A very interesting article by Franklin Foer appears in today's NY Times:"Once Again, America First." Foer talks about how conservatives, with their typical distrust of government power, have begun to turn against the Bush administration's neo-Wilsonian desires to"democratize the Middle East." The critics include George Will, Patrick Buchanan,"the libertarian Cato Institute and the traditionalist Chronicles magazine," as well as congressman Henry Hyde and conservative commentator Tucker Carlson. More importantly, Foer rediscovers the almost-forgotten anti-interventionist tradition of the Old Right, and he includes a number of modern-day heroes of contemporary libertarianism:
One of conservatism's early and now largely forgotten folk heroes was Albert Jay Nock, the flamboyant author of ''Memoirs of a Superfluous Man,'' who wore a cape and celebrated Belgium as his ideal society. In 1933, Nock wrote about ''the Remnant,'' borrowing the term from Matthew Arnold and the Book of Isaiah. By the Remnant he meant an enlightened elite that rejected the phoniness of mass society. A few historians have used Remnant as a synonym for the pre-National Review right -- a group that included the economic journalists Garet Garrett and Frank Chodorov, Ayn Rand, Rose Wilder Lane (Laura Ingalls Wilder's daughter) and, to an extent, H. L. Mencken. Nock's allusion to Isaiah works nicely for these polemicists, who issued thunderous, Old Testament-like warnings about American decline. Finding themselves at the forefront of opposition to World War II, they turned to the America First movement. Their hatred for war followed from their radical individualism. As the essayist Randolph Bourne (not a conservative) famously put it about World War I, ''War is the health of the state.'' Since these writers disliked the state, they came to dislike war, too. ...
Conservatism emerged out of the McCarthyite moment with a new enemy: that small band of conservatives who continued clinging to isolationism. National Review, for one, didn't have any place for them in its pages. ... Upon the death of the libertarian isolationist Murray Rothbard in 1995, Buckley quipped, ''We extend condolences to his family, but not to the movement he inspired.'' ... Without a home in the conservative movement, the isolationists had no choice but to search for allies in unlikely quarters. During the late 60's, they often teamed up with the New Left, becoming stalwarts of the antiwar movement. ... And a few on the New Left returned the favor, heartily embracing the apostates. In 1975, the historian Ronald Radosh (then a man of the left) published ''Prophets on the Right,'' a book championing the prescience of Robert A. Taft and other ''conservative critics of American globalism.'' ...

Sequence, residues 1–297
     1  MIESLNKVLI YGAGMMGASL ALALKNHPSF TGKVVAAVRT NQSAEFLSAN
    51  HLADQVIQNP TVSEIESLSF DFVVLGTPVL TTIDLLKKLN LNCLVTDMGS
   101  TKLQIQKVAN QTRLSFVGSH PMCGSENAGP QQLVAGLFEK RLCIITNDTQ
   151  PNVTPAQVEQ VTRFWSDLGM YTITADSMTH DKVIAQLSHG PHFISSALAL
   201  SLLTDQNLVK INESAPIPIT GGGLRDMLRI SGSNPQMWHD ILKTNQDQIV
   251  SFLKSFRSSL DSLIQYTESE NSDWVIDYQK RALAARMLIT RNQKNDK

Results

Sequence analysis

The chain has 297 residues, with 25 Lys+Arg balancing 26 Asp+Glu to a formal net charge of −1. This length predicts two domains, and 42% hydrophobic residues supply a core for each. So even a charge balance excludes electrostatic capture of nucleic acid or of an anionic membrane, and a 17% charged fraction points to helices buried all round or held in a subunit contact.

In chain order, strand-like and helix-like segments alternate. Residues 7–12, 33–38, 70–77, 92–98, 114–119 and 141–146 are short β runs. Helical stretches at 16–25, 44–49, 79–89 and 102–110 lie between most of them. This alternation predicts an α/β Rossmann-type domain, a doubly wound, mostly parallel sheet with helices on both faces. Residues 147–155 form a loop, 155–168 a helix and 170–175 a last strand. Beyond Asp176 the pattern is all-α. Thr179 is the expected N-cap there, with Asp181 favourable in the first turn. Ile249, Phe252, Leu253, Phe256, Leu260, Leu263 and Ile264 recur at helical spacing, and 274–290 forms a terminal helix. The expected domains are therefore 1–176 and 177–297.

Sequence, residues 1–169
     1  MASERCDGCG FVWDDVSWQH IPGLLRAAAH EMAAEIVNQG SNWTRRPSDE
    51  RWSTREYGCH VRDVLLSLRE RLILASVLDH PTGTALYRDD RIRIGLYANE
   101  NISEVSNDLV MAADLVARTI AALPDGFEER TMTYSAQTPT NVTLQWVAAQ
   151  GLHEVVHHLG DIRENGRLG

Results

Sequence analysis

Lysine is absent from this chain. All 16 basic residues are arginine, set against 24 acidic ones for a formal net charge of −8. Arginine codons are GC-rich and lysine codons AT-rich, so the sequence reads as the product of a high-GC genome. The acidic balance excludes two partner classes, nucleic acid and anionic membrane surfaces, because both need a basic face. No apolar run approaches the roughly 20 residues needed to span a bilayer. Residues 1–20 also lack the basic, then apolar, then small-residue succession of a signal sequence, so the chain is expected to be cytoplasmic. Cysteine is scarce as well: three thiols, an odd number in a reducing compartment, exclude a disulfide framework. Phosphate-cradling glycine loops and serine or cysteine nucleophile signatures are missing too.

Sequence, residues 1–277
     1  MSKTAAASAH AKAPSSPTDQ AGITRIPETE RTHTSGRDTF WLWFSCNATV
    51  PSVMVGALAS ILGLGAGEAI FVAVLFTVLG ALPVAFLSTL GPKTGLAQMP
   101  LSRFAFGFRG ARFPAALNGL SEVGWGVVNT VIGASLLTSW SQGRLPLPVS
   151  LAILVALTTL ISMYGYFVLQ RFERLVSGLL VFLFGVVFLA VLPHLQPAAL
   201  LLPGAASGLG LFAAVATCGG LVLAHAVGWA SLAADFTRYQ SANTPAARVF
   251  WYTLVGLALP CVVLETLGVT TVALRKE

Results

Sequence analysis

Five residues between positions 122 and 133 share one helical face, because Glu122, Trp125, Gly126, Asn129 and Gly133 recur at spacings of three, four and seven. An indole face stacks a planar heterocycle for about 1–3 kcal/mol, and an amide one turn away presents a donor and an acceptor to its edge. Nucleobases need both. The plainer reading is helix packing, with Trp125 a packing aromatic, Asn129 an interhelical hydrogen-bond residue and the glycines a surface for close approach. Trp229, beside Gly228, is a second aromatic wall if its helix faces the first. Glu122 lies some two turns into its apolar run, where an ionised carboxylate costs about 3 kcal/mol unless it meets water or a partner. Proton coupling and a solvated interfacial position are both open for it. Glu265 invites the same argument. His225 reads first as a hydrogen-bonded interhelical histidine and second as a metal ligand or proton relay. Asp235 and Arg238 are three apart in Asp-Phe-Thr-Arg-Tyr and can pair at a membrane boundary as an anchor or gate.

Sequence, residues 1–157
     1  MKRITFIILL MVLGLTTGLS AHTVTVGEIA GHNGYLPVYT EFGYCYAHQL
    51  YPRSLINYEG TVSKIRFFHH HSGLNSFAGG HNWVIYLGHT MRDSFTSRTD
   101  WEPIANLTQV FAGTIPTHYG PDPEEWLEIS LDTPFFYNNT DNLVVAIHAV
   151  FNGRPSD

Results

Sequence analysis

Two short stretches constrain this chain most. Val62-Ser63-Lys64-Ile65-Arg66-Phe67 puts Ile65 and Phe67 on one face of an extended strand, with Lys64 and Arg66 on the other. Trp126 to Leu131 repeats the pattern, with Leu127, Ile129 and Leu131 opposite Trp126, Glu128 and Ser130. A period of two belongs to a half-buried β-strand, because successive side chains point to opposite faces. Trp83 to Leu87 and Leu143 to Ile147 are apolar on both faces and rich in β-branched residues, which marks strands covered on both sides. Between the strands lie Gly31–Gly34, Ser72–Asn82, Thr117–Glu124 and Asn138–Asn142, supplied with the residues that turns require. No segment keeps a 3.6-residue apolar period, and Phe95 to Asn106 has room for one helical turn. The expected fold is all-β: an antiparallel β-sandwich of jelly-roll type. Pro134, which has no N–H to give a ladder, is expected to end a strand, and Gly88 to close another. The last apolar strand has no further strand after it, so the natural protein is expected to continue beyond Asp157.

Buchananite foreign policy has an intellectual wing, paleoconservatism. Long before French protesters and liberal bloggers had even heard of the neoconservatives, the paleoconservatives were locked in mortal combat with them. Paleocons fought neocons over whom Ronald Reagan should appoint to head the National Endowment for the Humanities, angrily denouncing them as closet liberals -- or worse, crypto-Trotskyists. Even their self-selected name, paleocon, suggests disdain for the neocons and their muscular interventionism. ... The paleocons explicitly hark back to Garrett, Nock and the Remnant, what they lovingly call the ''Old Right.'' ...
George W. Bush entered office implicitly promising agnosticism in the long-running debate between neocons and paleocons. On the 2000 campaign trail, he promised a ''distinctly American internationalism'' that would provide ''idealism, without illusions; confidence, without conceit; realism, in the service of American ideals.'' Of course, after 9/11, Bush dispensed with this doctrinal neutrality. And in adopting a neocon foreign policy, he rallied most conservatives behind his ambitious agenda, a dramatic turnabout in opinion from the 90's.
Will this consensus hold? Already, many conservative writers seem primed to abandon it. Even when they haven't gone as far as Will or Carlson in their criticisms of the war, they have flashed their discomfort with Bush's goal of planting democracy in Iraq. National Review has called this policy ''largely, if not entirely, a Wilsonian mistake.'' With these signs of restlessness, it's easy to imagine that a Bush loss in November, coupled with further failures in Iraq, could trigger a large-scale revolt against neoconservative foreign policy within the Republican Party. A Bush victory, on the other hand, will be interpreted by many Republicans as a vindication of the current course, and that could spur a revolt too. If the party tilts farther toward an activist foreign policy, antiwar conservatives might begin searching for a new political home.
I recommend the whole article to your attention.
Cross-posted at the Mises Economics Blog.
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